For the past 30 years I have traveled to France on a regular basis as an essential part of my job as an art dealer. There have been times when it felt like I couldn’t board another plane, or that I couldn’t face another night in a hotel room. However, there is one thing that I have never grown tired of – visiting an artist’s studio. Every visit to an artist’s studio is a voyage of discovery.
The artist has added a new perspective to his work, there is a new subject matter he is experimenting with, a new combination of colors that has intrigued him, a new format size or shape has solved an ongoing problem, and I could go on and on. A true artist never stops learning and never stops challenging himself/herself.A few weeks ago, as I have done 3 or 4 times a year for 30 years, I visited Lucien Gondret in his studio, and as is always the case, Lucien had something new to show me. A few months before he had been in New York, and was excited about a painting that captured his vision of NYC.
When I entered the studio, he was still adding some finishing touches.
This led to a discussion of what he wanted to capture that day, why he had chosen this perspective,
And how a few passerbys had helped him create the dimensional effect that would reflect how he had felt that day.
Then I did what I always do, which is to explore the studio in search of another new theme I hadn’t seen yet. I found it when I saw a series of Paris night scenes Lucien was working on.
One of Lucien’s strengths as an artist has always been his ability to create unique lighting effects. In this painting of the Grand Palais seen from the Pont Alexandre III, there is a magical mixture of light sources: the street lamps, interior light emanating from the building, a reflection of multiple lights on the river, and a suggestion of moonlight.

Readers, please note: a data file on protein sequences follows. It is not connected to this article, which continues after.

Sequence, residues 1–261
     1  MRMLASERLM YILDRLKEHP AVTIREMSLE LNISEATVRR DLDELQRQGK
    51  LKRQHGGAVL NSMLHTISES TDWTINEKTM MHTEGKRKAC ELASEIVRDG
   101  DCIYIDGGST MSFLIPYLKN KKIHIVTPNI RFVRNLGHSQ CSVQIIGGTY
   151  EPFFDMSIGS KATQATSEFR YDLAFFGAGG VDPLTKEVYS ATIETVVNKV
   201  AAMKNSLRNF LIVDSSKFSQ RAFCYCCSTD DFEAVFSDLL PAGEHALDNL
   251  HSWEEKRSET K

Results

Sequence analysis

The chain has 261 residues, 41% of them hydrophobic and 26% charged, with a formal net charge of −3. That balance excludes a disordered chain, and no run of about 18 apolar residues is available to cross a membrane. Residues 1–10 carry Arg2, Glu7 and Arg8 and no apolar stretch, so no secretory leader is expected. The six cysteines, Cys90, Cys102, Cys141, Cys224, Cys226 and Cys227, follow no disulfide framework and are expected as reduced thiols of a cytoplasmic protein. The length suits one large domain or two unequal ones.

Finally, a visit to Lucien’s studio wouldn’t be complete without finding a very small painting, a miniature gem. that captured my mood during that day’s visit and reinforced all the reasons why our collaboration has lasted for 30 years now.
This small semi-abstract floral, just seemed to encapsulate the feeling of a warm October day, where two old friends spent an afternoon doing something they both love.
Paintings by Lucien Gondret will be exhibited at The Intercontinental Art Experience, from February 18-26 in Beaufort, South Carolina.
Lucien Gondret was born in Marines, France in 1941. His ability in art was revealed at an extremely early age. He first exhibited his works in a juried show at the age of 16. It was at this exhibit that the famous French writer Jean Cocteau saw the young artist’s work and encouraged him to make art his career. Throughout his development Gondret was heavily influenced by the Fauvists notably Valminck.
For more than 40 years, Gondret has exhibited his works throughout Europe, the United States and Japan. His works have been shown annually at the Salon des Independants and the Salon des Artistes Francais. Gondret has been a member of the prestigious Salon des Artistes since 1977.
Gondret has received many awards and is listed in the prestigious Benezit Catalog.
Written by Jon Bourgo